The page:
STRANGULATED SMALL BOWEL OBSTRUCTION
A patient presents with nausea and vomiting, is found to have small bowel obstruction, and is to be admitted to the hospital. The hospitalist and general surgeon disagree over whether strangulation is present. Can we recognize strangulated small bowel obstruction at the bedside?
Strangulation means intestinal ischemia. Most of the time this is caused by a “closed loop obstruction,” meaning there is obstruction not only distally but also proximally, preventing the release of pressure. Small intestinal causes include hernia and torsion of a loop of bowel around an adhesive band. Any colon obstruction can cause a closed loop obstruction if the cecal valve is competent, for example, colon cancer. The most common colonic causes include sigmoid and cecal volvulus.
So how do we decide who might have strangulation? The consulting surgeon on this case says if there is no CT diagnosis of a closed loop, then the patient does not need surgery. But in well-designed studies, this finding is a low as 43% sensitive.(Sheedy Radiology 2006) CT sensitivity overall has been reported as high as 100% but that is when it is used as its own gold standard.(Frager Am J Roentgenol 1996)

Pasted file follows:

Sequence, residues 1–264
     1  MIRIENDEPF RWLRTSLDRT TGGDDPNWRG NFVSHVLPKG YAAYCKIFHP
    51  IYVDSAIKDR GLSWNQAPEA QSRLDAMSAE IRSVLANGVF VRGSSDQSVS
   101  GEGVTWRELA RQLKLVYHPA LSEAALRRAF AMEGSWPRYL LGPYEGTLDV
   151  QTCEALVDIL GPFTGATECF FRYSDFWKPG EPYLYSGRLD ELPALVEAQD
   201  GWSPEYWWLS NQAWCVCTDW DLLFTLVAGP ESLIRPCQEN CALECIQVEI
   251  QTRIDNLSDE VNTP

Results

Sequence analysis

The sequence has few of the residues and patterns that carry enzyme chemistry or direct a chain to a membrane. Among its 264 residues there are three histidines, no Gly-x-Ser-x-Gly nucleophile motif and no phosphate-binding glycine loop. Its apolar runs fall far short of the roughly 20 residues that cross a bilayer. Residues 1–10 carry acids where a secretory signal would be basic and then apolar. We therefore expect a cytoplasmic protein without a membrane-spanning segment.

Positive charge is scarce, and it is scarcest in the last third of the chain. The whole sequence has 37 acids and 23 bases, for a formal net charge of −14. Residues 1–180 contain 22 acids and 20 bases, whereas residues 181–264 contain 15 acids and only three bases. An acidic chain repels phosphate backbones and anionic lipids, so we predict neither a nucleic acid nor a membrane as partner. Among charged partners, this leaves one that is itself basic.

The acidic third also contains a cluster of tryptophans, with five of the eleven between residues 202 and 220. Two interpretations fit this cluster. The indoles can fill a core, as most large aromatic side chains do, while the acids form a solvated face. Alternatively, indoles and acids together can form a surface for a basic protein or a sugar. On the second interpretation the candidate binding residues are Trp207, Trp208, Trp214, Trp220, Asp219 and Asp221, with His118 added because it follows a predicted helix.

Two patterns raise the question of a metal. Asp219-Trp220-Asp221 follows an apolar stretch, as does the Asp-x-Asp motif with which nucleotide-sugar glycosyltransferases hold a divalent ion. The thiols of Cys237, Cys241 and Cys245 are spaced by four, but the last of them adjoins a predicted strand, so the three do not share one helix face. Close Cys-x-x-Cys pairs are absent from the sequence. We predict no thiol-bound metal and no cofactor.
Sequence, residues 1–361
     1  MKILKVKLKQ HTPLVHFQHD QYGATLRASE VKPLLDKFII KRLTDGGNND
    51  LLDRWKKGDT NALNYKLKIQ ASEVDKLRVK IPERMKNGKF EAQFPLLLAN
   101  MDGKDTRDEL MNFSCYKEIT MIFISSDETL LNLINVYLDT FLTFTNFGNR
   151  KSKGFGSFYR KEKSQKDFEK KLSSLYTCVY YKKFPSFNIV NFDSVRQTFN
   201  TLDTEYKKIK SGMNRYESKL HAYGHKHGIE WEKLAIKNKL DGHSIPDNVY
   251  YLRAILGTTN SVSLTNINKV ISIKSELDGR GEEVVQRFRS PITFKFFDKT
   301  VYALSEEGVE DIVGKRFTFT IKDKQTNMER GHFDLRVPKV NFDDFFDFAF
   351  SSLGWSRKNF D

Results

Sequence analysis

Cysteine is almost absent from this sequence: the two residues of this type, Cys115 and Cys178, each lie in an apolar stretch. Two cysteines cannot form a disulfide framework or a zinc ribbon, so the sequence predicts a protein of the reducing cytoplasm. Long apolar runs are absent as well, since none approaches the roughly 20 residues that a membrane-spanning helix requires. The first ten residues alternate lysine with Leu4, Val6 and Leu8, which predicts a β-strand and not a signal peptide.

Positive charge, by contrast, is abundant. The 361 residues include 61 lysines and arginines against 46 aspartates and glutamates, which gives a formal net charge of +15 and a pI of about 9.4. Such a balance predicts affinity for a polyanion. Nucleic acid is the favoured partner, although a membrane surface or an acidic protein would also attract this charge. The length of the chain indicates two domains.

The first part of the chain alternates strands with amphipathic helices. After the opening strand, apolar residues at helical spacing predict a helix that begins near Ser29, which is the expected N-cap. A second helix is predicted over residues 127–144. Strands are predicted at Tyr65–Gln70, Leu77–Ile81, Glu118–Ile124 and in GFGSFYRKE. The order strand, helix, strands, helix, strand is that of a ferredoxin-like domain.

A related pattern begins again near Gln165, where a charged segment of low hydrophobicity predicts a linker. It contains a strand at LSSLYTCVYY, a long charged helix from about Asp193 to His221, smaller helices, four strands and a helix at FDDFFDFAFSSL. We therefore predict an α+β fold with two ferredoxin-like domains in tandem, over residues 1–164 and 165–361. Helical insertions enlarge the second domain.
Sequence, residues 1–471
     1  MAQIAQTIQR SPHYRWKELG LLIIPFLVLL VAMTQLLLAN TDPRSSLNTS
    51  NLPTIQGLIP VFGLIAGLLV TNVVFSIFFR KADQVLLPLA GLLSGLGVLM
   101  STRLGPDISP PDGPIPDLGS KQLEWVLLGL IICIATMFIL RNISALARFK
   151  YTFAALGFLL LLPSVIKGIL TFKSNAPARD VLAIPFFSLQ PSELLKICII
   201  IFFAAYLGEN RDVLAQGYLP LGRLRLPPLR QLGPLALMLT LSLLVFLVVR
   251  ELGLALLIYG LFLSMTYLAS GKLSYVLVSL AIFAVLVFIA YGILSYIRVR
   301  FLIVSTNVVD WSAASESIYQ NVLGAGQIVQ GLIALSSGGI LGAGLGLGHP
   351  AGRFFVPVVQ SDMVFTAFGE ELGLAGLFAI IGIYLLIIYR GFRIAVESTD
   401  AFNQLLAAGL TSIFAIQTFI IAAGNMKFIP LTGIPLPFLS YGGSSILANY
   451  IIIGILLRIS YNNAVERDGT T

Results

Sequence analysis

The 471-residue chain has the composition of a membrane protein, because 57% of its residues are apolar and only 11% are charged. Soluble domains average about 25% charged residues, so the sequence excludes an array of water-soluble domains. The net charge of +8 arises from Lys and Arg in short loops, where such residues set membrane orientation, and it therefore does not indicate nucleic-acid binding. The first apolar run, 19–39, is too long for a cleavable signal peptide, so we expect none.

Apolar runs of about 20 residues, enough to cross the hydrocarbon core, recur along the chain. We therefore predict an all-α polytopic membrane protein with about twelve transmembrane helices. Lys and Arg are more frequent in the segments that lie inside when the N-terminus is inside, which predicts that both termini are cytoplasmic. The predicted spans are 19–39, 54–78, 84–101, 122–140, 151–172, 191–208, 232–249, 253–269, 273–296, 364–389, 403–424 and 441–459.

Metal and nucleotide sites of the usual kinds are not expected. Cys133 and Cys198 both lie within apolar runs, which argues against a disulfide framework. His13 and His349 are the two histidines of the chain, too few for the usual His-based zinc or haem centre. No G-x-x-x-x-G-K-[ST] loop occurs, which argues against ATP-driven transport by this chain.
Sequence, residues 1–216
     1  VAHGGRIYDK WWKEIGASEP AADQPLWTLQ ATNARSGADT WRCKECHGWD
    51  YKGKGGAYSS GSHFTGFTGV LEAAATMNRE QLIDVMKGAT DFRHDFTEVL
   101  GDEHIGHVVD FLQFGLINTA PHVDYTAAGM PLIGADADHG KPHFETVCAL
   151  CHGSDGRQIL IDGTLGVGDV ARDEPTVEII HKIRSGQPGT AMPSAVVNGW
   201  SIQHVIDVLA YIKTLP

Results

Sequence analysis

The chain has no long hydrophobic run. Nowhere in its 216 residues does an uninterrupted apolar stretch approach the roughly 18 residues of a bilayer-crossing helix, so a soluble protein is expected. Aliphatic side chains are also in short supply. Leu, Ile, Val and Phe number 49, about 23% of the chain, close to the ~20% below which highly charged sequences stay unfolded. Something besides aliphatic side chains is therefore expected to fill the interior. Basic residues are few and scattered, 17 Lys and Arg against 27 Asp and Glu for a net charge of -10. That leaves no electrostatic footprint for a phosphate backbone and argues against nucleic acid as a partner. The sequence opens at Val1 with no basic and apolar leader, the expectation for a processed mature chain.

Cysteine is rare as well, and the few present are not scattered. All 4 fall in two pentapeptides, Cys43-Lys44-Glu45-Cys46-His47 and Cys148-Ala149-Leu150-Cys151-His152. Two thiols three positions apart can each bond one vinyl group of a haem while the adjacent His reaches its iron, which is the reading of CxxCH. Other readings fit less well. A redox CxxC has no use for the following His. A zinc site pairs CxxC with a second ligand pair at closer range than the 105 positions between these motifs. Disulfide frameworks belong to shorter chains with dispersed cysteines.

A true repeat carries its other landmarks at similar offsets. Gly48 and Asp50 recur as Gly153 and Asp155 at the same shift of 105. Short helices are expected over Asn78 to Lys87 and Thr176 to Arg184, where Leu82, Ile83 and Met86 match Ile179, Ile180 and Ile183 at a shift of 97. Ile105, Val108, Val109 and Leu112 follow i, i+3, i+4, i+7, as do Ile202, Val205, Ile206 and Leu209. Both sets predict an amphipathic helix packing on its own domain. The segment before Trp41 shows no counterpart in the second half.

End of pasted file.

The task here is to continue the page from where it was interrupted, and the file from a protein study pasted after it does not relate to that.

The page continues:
Clinical indications of strangulation include the systemic inflammatory response syndrome (tachycardia, fever, leukocytosis), shock or acidosis, and guarding and rebound tenderness. These are all signs of advanced ischemia. Ideally we want to diagnose these patients earlier but in the early stages we do not have a proven approach. And yet, as with all things clinical, it starts with our risk stratification at the bedside.
Clinical gestalt is hard to study but is probably the most important diagnostic intervention we do. Did the patient get better after nasogastric decompression? Do they look well or ill? Is he or she looking worse than an hour ago? With an equivocal CT, these bedside considerations help us decide when to proceed with surgery.
Take home points:
Don’t completely trust the CT for diagnosing strangulated SBO
Shock, acidosis, and SIRS indicate strangulation has occurred
Bedside worsening suggests the need for surgery
Sheedy SP, Earnest F 4th, Fletcher JG, Fidler JL, Hoskin TL.
Radiology. 2006 Dec;241(3):729-36.